The risk of motion sickness decreases with age – younger people are more likely to experience it.

This statistic is an important factor to consider when discussing VR motion sickness statistics, as it highlights the fact that younger people are more likely to experience motion sickness when using virtual reality technology. This information can be used to inform the design of VR experiences, as developers can take into account the age of their target audience and adjust the intensity of the experience accordingly. Additionally, this statistic can be used to educate younger people on the potential risks of using VR technology, and to encourage them to take the necessary precautions to avoid motion sickness.

More than 66% of VR users quit using VR within 20 minutes due to motion sickness.

This statistic is a stark reminder of the prevalence of motion sickness among VR users, and serves as a warning to those considering using VR technology. It highlights the importance of taking steps to reduce the risk of motion sickness, such as taking breaks, using a comfortable headset, and avoiding intense movements. This statistic is a powerful reminder that VR motion sickness is a real issue that needs to be addressed.

48% of VR users use motion sickness as a reason not to use VR more often.

This statistic is a powerful indicator of the prevalence of motion sickness among VR users, and serves as a reminder of the importance of addressing this issue. It highlights the need for further research into the causes of motion sickness and the development of effective solutions to reduce its impact. By bringing this statistic to light, the blog post can help to raise awareness of the issue and encourage further discussion on the topic.

In a study, 28% of VR users reported motion sickness after a minimum of 2 hours of headset use.

This statistic is a powerful indicator of the prevalence of motion sickness among VR users, and is an important piece of information to consider when discussing the issue of VR motion sickness. It highlights the fact that a significant portion of VR users experience motion sickness after extended use, and serves as a reminder that this is a real issue that needs to be addressed.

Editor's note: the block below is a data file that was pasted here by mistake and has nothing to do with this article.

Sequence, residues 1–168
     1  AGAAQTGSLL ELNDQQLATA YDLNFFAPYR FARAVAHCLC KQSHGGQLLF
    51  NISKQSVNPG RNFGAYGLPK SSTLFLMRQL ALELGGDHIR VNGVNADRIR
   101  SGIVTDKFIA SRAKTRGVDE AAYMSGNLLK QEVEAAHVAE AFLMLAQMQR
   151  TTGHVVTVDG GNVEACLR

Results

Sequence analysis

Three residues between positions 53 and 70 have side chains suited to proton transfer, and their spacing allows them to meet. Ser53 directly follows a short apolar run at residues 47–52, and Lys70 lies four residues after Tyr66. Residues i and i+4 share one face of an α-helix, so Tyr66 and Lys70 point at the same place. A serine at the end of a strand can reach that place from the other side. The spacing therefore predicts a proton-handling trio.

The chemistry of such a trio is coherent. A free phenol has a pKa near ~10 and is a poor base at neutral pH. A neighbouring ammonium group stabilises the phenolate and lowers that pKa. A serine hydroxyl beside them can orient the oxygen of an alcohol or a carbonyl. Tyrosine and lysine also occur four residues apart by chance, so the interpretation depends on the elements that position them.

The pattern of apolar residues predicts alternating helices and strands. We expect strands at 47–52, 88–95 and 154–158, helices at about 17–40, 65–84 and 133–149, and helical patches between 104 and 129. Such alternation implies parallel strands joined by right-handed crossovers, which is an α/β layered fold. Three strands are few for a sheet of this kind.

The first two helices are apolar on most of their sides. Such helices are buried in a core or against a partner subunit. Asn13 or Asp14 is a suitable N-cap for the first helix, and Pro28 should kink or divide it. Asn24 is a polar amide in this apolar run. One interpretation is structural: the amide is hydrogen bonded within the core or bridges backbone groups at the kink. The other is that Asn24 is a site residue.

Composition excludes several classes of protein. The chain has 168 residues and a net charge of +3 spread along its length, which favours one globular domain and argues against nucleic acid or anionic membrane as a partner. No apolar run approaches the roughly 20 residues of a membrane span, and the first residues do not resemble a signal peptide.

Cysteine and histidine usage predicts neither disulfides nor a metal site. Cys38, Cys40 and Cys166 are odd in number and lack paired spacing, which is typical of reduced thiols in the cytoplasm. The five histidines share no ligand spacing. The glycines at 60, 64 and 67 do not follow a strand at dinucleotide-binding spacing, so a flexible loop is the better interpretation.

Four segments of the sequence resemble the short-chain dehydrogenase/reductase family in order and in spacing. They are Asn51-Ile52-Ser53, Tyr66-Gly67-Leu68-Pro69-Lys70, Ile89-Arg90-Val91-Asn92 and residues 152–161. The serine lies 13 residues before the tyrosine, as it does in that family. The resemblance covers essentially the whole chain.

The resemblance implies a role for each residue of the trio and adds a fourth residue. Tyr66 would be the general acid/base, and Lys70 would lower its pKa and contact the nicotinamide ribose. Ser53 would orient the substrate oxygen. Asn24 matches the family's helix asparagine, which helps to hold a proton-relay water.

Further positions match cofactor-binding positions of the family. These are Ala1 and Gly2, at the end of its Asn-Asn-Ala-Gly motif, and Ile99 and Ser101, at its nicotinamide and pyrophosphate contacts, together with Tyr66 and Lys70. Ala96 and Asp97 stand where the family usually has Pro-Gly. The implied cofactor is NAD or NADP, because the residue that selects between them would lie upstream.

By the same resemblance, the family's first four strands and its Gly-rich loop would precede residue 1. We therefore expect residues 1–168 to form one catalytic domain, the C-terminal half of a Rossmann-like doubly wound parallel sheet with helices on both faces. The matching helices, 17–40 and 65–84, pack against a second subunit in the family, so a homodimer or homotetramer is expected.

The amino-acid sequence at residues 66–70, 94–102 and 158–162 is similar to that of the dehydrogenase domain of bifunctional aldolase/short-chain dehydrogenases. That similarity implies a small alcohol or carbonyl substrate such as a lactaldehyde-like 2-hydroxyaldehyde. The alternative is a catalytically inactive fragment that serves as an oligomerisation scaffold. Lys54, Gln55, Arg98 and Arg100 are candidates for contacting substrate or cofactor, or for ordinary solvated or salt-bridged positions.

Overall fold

30% of people who experienced VR-induced motion sickness also had elevated anxiety levels.

This statistic is a telling indication of the potential psychological effects of VR-induced motion sickness. It suggests that not only can VR-induced motion sickness cause physical discomfort, but it can also lead to heightened levels of anxiety. This is an important factor to consider when discussing the prevalence of VR motion sickness, as it highlights the need for further research into the psychological implications of this condition.

VR sickness is more common in open-world VR games (68%), compared to rail-based VR games (27%).

This statistic is significant in the context of VR motion sickness statistics because it highlights the importance of game design in reducing the risk of VR sickness. Open-world games, which allow for more freedom of movement, are more likely to cause motion sickness than rail-based games, which are more restrictive in terms of movement. This suggests that game developers should be mindful of the type of game they are creating and the potential for motion sickness when designing VR games.

68% of users who reported motion sickness felt better within 15 minutes after stopping the VR experience.

This statistic is a testament to the effectiveness of taking a break from VR experiences when feeling motion sickness. It shows that, even after experiencing motion sickness, users can quickly recover and continue their VR experience. This is an important point to make in a blog post about VR motion sickness statistics, as it provides reassurance to those who may be concerned about the effects of motion sickness.

Adding a virtual nose to the VR headset helped reduce motion sickness by 13.5%.

This statistic is a testament to the effectiveness of adding a virtual nose to the VR headset in reducing motion sickness. It shows that this simple addition can have a significant impact on the user experience, making it easier for people to enjoy the virtual reality experience without feeling nauseous.

User-captured videos of VR gameplay cause motion sickness in 30% of viewers.

This statistic is a stark reminder of the prevalence of motion sickness among viewers of user-captured VR gameplay videos. It serves as a warning to those who are considering using VR technology, as it highlights the potential for discomfort and nausea that can be experienced by a significant portion of the population. Furthermore, it is an important piece of data for developers and designers of VR technology, as it can help them to create more user-friendly experiences that minimize the risk of motion sickness.

Foveated rendering can reduce motion sickness in VR by 20%

This statistic is a powerful testament to the effectiveness of foveated rendering in reducing motion sickness in VR. It demonstrates that this technology can be a viable solution for those who suffer from motion sickness while using VR, providing a much-needed relief from the discomfort associated with the condition.

A study found that 61% of adults aged 18-34 felt motion sickness during VR experiences.